But there is a law given, and a punishment affixed, and a repentance granted; which repentance, mercy claimeth; otherwise, justice claimeth the creature and executeth the law, and the law inflicteth the punishment; if not so, the works of justice would be destroyed, and God would cease to be God (verse 22).

But we are not left hopeless!  And God does not cease to be God!

… mercy claimeth the pentitent, and mercy cometh because of the atonement; and the atonement bringeth to pass the resurrection of the dead; and the resurrection of the dead bringeth back men into the presence of God; and thus they are restored into His presence, to be judged according to their works, according to the law and justice (verse 23).

So the atonement meets the demands of justice, and so we find mercy.

But only those who claim the atonement can find mercy (verses 24-25).

This is how mercy was part of the plan all along, even though we were sent here to be tested according to the law.  “And thus God bringeth about his great and eternal purposes, which were prepared from the foundation of the world (premortality!).  And thus cometh about the salvation and the redemption of men, and also their destruction and mercy” (verse 26).  So we have the ability and freedom to choose to be redeemed with mercy, or to be left to our own consequences; no one is compelled (verse 27).

But we will get what we choose.  We will reap the harvest of what we have sown.  We will get the consequences we earned by what we do not, what we choose now, how we interact with each other today.

… in the last day it shall be restored unto him according to his deeds.  If he has desired to do evil, and has not repented in his days, behold, evil shall be done unto him, according to the restoration of God (verses 27-28).

So we should not be troubled by not understanding, or thinking we cannot know.  We do know, and it has been explained to us.  Instead, we should focus on our own sins, and let those trouble us, so that it may “bring you down unto repentance” (verse 29).  We should not excuse ourselves “in the least point” because of our sins, but claim the atonement in every way (verse 30), and “let the justice of God, and his mercy, and his long-suffering, have full sway in your heart; and let it bring you down to the dust in humility” (verse 30).

He then calls Corianton to step up and return to his mission, to preach and teach to the people, “that thou mayest bring souls unto repentance, that the great plan of mercy may have claim upon them” (verse 31).  This is mercy, even by example, inviting Corianton to repent and return to what he has been asked to do, rather than condemning him or giving up on him.   Not only this, but Alma sees that his son needs more time with him, that they need to serve together so that his son can gain experience and testimony and have the example and leadership of his father.  So the following chapters are about their mission together, with Alma and his sons.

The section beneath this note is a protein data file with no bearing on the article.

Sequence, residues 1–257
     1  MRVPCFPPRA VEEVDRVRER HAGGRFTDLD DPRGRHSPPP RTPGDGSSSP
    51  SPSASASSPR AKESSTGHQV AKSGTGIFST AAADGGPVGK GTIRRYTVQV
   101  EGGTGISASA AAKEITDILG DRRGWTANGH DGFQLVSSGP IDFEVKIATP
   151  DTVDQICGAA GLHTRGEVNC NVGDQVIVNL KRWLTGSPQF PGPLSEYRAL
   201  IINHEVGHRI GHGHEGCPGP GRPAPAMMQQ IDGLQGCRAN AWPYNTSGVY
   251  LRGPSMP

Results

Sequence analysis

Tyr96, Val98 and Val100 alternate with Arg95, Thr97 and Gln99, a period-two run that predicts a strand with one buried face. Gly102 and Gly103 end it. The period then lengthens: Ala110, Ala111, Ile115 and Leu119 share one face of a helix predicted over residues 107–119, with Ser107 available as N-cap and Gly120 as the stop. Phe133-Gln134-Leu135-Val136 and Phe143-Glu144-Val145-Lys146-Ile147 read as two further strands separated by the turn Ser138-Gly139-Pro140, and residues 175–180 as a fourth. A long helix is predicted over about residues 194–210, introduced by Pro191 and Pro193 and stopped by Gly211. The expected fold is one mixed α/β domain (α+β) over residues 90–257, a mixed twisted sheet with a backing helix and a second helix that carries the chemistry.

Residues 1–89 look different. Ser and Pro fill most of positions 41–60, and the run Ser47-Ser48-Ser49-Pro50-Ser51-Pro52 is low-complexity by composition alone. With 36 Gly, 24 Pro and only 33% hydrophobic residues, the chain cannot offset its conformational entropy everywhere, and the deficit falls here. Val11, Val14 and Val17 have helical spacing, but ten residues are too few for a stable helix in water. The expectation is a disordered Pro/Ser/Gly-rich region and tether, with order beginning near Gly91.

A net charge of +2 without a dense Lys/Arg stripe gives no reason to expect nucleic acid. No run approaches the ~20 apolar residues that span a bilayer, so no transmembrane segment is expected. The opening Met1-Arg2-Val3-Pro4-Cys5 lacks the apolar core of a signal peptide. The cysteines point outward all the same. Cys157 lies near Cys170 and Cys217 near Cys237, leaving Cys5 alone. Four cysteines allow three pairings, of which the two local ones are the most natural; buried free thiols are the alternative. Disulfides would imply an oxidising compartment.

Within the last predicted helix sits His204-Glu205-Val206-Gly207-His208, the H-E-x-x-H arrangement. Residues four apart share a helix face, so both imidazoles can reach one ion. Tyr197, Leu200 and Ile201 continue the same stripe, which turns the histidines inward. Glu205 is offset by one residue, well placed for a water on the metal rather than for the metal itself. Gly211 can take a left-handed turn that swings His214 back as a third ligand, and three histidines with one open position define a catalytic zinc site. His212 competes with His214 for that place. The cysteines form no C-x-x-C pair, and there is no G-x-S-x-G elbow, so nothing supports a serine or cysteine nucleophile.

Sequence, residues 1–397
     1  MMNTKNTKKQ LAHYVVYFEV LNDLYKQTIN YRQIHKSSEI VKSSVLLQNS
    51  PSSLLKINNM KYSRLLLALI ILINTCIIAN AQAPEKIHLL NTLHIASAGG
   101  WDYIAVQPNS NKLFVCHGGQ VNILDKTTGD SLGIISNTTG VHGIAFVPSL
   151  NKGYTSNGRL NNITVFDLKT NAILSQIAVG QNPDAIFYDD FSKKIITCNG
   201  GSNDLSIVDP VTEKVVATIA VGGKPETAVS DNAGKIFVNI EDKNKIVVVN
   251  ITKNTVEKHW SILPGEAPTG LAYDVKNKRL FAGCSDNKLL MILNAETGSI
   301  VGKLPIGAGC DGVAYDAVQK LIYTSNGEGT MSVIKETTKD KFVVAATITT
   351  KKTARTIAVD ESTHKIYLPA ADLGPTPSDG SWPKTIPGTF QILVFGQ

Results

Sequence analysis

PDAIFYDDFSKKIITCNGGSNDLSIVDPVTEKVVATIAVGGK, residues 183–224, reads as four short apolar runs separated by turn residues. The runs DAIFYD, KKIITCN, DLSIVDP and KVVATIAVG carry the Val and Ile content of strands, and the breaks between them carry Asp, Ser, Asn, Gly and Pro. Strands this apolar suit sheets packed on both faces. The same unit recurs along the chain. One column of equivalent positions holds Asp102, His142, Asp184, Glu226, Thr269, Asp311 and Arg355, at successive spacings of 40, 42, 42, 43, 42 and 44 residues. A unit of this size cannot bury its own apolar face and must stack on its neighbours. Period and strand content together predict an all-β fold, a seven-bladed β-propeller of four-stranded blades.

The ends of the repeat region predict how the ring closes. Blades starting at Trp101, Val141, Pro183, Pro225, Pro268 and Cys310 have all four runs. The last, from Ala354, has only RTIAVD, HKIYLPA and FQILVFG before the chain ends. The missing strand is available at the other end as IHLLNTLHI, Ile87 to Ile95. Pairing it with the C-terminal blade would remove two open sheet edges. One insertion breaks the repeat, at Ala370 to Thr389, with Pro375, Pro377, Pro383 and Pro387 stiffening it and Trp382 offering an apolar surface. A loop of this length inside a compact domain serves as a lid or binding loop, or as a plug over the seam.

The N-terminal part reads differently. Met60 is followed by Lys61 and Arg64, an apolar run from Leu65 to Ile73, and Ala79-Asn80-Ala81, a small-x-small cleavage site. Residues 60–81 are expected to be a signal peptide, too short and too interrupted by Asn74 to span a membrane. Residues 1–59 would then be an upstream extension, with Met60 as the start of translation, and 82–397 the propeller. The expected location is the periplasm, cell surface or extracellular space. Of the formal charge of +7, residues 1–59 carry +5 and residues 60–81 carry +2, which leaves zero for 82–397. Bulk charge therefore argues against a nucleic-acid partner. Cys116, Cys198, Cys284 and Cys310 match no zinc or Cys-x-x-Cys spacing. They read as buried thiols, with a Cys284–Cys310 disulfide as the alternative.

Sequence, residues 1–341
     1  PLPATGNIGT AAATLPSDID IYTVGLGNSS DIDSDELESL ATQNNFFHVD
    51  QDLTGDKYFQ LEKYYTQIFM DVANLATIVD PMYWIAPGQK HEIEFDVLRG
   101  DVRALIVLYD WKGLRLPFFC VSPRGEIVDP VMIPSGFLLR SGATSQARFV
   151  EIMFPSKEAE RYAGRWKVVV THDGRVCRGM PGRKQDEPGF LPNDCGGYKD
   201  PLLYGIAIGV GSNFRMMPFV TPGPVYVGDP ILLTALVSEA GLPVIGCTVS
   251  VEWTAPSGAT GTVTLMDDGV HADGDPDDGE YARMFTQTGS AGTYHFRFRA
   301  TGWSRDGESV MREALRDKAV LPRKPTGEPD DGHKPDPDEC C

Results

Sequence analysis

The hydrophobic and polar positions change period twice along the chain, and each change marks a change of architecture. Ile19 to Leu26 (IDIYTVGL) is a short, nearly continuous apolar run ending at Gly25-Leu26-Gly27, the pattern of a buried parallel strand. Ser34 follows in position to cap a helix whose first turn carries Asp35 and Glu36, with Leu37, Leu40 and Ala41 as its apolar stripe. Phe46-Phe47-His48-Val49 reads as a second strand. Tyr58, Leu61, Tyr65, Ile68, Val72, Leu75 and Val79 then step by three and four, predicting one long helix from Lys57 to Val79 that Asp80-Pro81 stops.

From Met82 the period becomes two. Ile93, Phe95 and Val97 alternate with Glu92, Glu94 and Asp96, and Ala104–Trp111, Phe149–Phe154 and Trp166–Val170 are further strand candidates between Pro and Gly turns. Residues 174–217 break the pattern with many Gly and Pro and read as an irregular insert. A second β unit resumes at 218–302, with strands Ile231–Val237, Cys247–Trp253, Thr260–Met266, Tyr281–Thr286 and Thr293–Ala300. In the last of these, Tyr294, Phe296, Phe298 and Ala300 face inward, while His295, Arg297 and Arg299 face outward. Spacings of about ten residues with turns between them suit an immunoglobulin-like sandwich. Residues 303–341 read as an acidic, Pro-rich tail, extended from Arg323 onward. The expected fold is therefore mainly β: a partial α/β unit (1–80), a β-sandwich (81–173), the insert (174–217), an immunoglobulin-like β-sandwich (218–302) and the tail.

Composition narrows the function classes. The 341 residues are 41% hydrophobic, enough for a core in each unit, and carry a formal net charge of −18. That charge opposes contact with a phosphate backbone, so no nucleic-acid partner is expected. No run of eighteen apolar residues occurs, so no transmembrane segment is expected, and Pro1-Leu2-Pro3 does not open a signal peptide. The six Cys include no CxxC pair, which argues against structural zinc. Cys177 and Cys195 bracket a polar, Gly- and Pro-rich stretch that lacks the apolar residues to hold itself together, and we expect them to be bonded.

About Emily

I am a member of The Church of Jesus Christ of Latter-day Saints since 2009. I serve as a Chaplain, and work as a counselor. I got bilateral cochlear implants in 2010, but will always love sign language. I choose books over television, and organics over processed. Nothing is as close to flying as ballroom dancing - except maybe running, when in the solo mood. I would rather be outside than anywhere else, especially at the river riding my bike or kayaking. PhD in Marriage and Family Therapy, and currently doing a post-doc in Jewish Studies and an MDiv in Pastoral Counseling. The best thing about Emily World is that it's always an adventure, even if (not so) grammatically precise. The only thing better than writing is being married to a writer. Nathan Christensen and I were married in the Oklahoma City temple on 13 October 2012, and have since fostered more than eighty-five children. We have adopted the six who stayed, and are totally and completely and helplessly in love with our family. Nathan writes musical theater, including "Broadcast" (a musical history of the radio) and an adaption of Lois Lowry's "The Giver". He served his mission in South Korea, has taught song-writing in New York City public schools, and worked as a theater critic for a Tucson newspaper. This is not an official Web site of The Church of Jesus Christ of Latter-day Saints.